Avoid rock. Brick, stone, and concrete will absorb heat and keep your garden hotter during the summer.
Prune. Drought during the start of the growing season can cause the most damage of all, because the plants are actively growing and preparing themselves for the summer. Hopefully our plants were healthy, vigorous and mulched beforehand. After the drought, if the tops of your plants have suffered severe browning and dieback, go ahead and prune them back. With perennials, you will often see new growth starting at the base of the plant already.
Wait to fertilize. Without adequate water, fertilizer would either be wasted or would just cause more stress. Once the drought ends, a slow release fertilizer is best. Choose one with a high phosphorous percentage, rather than one high in nitrogen. I like Root’n Grow by Bonide. The phosphorous will aid in repairing the root system, where the nitrogen would encourage rapid leaf growth that could stress plants further.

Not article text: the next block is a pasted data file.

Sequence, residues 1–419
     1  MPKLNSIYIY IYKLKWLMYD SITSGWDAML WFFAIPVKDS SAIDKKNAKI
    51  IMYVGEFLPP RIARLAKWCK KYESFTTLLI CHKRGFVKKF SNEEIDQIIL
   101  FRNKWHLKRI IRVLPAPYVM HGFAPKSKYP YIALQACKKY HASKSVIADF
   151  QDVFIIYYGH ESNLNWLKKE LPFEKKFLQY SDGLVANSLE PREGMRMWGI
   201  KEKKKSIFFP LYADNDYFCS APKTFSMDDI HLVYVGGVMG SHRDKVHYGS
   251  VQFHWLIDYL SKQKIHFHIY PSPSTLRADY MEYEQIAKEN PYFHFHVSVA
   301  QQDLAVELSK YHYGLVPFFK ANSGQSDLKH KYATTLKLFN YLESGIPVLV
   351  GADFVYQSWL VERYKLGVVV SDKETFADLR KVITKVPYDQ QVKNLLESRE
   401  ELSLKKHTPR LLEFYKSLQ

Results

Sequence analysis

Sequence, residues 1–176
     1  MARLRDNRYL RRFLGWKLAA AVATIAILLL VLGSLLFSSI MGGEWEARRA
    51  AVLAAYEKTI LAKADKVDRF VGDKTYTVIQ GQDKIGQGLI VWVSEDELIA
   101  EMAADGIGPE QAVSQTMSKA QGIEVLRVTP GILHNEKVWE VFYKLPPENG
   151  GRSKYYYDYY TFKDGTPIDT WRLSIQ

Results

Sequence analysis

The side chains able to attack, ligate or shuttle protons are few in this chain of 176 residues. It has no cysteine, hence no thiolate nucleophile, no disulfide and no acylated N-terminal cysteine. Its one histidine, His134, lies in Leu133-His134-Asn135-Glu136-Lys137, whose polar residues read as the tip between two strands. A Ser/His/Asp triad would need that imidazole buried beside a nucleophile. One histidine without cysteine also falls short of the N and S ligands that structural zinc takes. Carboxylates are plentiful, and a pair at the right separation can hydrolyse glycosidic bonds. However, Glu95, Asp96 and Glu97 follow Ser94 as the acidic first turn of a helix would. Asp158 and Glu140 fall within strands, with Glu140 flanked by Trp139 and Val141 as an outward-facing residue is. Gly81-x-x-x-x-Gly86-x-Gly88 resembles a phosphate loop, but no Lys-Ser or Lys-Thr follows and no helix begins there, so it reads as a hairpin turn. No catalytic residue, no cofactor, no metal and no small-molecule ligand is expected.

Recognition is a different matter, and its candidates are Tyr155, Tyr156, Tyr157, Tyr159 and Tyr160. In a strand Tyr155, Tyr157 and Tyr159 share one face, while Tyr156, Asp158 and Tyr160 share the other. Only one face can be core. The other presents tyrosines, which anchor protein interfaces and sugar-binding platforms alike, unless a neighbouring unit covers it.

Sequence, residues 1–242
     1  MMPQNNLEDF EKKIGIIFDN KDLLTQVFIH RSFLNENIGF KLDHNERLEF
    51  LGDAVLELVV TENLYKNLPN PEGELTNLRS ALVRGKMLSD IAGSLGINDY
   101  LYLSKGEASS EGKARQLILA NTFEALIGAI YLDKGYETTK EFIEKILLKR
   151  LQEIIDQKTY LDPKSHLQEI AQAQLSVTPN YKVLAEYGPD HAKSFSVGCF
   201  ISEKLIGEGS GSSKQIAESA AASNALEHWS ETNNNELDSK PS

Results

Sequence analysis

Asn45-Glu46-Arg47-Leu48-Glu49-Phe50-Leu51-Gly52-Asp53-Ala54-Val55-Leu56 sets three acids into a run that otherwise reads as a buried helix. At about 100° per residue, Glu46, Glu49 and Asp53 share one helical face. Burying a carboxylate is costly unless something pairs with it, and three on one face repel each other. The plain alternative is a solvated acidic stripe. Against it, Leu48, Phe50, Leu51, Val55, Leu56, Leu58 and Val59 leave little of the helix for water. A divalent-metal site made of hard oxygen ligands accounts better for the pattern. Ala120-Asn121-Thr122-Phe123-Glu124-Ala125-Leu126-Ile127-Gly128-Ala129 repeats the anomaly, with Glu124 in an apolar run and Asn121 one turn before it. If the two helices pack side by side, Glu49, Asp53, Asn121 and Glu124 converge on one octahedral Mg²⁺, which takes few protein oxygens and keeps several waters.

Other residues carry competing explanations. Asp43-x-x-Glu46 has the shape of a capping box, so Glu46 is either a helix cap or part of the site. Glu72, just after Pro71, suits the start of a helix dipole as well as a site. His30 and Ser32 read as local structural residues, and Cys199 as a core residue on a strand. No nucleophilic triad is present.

Love a certain plant that is extra thirsty? Create a mini-bog for those plants that like lots of water. You’ll save water, time, and your plants will be happier! When planting, dig out a very large hole that will reach down about as far as you expect the plants’ roots to reach. Then lay a big piece of plastic down at the bottom of the hole. You can use leftover plastic liner from a water garden project, a garbage bag, or any other large piece of plastic. Cup the plastic so it forms a basin and so it almost reaches the surface of the soil. If it’s a single piece of plastic, cut several slashes in it to provide some slow drainage. Fill with good, rich soil (the kind moisture-loving plants like) and plant!